To Syria with love…

Found this in my draft folder – from December 2012

I have a complicated relationship with Syria. As a fiercely nationalistic Lebanese, I grew up hating its army of soldiers stationed on our soil with their big menacing tanks, and blaming much of my country’s woes on the overzealous brotherly ties that held us captive and subservient. During our weekly trip to my parents’ villages, up north and down south, it was routine that our family car would be stopped at one of their many checkpoints. A soldier in worn down fatigues would inquisitively stick his neck out of his wooden barrack checkered in black, green and red – the Syrian colors. And I would hold my breath to stop the flow of my resentful thoughts, thinking surely he would arrest us if he could guess them through my head. As soon as our car would drive out of their tentacular reach, I would stick my tongue out of the rear window in a victorious (yet cowardly safe, I admit) defiance.

In my entourage, we talked about Hafez with much contempt, but only in whispers. He was the monster who crushed Hama’s children. Yet our streets adorned his pictures – a reminder of the real person in charge. As we grew older and more politically aware, friends were regularly harassed and even jailed over their political outspokenness and demands for a full recovery of our sovereignty.

Those humiliations came to an end in 2005, triggered by the tragic bomb blast that killed our prime minister and reshaped my country’s history yet again. My classmates and I skipped classes to protest the violation of our soil, the impunity of crimes, the unfairness of a system that was holding us back. A month later, I sneaked out of my sleepy household before dawn, raced the deserted streets towards Beirut, parked my car in the vicinity of Martyrs’ square, and walked resolutely towards the announced protest meeting point. There was no Facebook back then, only text messages. Yet the square was far from empty. Some had been sleeping in makeshift camps right there for days now. But the area was cordoned off by a line of armed soldiers blocking the way. Oblivious to the Kalashnikovs dangling on their shoulders, we waited to become a critical mass as more people were arriving on site, and ran towards the line of soldiers, body to body, repeatedly, until we broke it and joined the inflating ranks of those inside the square. No soldier used his arm – they had no intention to. This was the day I reconciled with my army. I can still remember the feeling of exhilaration that gripped our guts when international leaders backed our calls for a solid timetable for the retreat of Syrian troops, and Bashar obliged! Oblivious to the larger forces at play, we felt that WE had done it!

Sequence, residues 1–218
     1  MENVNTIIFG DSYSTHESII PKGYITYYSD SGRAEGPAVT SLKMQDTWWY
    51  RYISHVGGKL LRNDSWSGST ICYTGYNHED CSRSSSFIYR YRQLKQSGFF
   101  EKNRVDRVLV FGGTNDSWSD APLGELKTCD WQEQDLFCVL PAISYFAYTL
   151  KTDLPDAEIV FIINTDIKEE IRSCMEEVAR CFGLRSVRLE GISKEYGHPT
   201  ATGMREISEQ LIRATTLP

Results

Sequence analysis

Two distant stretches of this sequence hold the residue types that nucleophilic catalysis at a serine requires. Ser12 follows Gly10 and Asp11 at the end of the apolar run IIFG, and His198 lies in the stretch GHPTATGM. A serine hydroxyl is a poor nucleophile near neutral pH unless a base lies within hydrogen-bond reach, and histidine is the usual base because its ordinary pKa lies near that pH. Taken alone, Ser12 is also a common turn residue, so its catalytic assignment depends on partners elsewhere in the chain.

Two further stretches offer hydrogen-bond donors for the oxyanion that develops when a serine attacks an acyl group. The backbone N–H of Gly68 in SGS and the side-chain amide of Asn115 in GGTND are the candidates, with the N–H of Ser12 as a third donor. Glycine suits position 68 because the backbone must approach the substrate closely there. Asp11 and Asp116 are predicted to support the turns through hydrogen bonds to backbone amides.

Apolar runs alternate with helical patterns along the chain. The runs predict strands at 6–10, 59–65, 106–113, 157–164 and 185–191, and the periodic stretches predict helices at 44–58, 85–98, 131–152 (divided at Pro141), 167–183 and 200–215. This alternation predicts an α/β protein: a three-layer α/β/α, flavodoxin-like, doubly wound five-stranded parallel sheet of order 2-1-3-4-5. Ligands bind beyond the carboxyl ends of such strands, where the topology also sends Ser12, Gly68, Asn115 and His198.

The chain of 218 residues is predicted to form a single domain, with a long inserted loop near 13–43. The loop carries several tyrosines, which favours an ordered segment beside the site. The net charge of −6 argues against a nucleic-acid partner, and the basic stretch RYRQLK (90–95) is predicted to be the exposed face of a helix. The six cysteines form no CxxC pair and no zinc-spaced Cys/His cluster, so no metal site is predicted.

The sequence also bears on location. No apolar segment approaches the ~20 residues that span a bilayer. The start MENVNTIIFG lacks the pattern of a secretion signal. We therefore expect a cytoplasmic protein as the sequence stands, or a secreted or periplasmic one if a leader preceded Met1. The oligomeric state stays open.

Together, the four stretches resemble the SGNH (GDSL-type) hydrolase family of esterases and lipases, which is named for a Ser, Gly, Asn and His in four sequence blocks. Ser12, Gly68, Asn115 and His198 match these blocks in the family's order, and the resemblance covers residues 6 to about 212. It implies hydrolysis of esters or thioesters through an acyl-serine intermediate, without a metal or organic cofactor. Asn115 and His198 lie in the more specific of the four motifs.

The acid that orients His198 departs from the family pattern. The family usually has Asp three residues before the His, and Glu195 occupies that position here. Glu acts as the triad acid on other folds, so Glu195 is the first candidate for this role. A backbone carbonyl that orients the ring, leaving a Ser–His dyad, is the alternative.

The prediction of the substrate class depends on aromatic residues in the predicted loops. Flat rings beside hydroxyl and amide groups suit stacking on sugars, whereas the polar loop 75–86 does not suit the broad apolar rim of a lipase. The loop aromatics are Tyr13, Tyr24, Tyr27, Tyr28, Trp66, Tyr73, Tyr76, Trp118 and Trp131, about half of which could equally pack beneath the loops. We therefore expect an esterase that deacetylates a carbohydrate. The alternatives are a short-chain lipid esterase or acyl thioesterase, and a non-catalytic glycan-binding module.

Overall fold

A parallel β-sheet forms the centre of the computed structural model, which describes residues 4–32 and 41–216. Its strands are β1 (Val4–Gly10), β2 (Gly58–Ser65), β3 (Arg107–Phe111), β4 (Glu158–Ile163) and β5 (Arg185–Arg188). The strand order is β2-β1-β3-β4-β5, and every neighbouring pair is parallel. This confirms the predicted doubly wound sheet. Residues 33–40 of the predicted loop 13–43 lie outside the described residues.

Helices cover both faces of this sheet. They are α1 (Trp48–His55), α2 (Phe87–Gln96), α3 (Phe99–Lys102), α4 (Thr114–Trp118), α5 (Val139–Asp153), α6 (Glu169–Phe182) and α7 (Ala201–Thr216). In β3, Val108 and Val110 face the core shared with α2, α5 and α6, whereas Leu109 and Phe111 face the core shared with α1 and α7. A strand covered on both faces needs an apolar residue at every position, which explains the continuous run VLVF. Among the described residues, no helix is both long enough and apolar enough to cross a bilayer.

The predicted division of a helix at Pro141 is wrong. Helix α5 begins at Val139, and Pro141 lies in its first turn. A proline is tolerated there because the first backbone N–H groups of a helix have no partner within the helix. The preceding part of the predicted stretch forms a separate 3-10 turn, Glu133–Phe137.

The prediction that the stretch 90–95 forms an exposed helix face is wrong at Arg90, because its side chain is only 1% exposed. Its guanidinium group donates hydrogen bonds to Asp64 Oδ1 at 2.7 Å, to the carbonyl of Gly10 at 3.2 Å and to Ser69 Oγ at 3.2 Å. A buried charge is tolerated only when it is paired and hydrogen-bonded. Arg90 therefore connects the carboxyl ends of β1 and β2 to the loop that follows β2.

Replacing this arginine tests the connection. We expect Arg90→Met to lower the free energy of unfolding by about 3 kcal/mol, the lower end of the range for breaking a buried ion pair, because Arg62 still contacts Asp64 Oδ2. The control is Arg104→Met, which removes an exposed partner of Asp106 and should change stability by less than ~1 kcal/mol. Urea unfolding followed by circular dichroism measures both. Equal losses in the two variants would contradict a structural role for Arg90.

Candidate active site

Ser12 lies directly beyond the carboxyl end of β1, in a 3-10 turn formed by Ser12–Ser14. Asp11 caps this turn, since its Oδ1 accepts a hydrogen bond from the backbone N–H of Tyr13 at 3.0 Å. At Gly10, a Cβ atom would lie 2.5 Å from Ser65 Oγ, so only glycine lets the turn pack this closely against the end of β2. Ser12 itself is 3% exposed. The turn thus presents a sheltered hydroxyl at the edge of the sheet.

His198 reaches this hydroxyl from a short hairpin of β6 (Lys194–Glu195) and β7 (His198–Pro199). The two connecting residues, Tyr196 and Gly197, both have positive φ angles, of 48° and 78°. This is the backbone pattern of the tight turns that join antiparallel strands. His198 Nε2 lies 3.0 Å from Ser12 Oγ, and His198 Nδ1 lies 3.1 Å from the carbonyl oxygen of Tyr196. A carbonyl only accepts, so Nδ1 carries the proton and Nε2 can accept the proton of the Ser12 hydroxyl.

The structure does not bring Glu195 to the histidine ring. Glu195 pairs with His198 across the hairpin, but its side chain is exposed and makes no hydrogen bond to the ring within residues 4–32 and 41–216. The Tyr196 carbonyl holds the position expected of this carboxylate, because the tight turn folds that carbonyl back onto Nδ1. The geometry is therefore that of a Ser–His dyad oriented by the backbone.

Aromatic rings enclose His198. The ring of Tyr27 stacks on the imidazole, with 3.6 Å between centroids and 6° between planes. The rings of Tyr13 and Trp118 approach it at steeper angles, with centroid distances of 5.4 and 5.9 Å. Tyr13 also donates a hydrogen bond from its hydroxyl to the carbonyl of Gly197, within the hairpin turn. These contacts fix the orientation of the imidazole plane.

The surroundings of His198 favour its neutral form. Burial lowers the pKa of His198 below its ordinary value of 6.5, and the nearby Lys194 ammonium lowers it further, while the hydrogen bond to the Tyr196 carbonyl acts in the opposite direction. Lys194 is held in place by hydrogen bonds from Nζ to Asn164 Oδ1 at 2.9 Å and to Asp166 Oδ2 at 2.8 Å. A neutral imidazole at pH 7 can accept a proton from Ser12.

That victory – maybe the first of the Arab Spring, was pathetically short-lived as the entrenched Lebanese political system swiftly corrupted even our purest dreams, but that’s a story for another time.

I only really discovered Syria the country in 2009. One of its highest-ranking officials invited the organization I was working for at the time for talks about a governance program. Inviting an international organization to Syria was gutsy. That the work was around public reform was further surprising. Those were the days of hope, with indications of a will to change and to engage the wider international community… The people who I met during that visit were so similar to my countrymen in their aspirations and discourse – we were indeed brothers. Encouraged and intrigued by my encounters, I went back to Syria that summer. Damascus, the vibrant, the cosmopolite… Aleppo, superb Aleppo, mixing 13th century defense heritage with the quirky stillness of the 60s… Aleppo sits outside of time. And Palmyra the enchantress, lost on a map, offering itself by surprise to anyone who bothers visiting. Cities lingering in the past, waiting to lurch onto the future. Developed way below their tremendous potential. Gripping. Fascinating. A people avid of life; a little subdued, but sparkly with aspirations.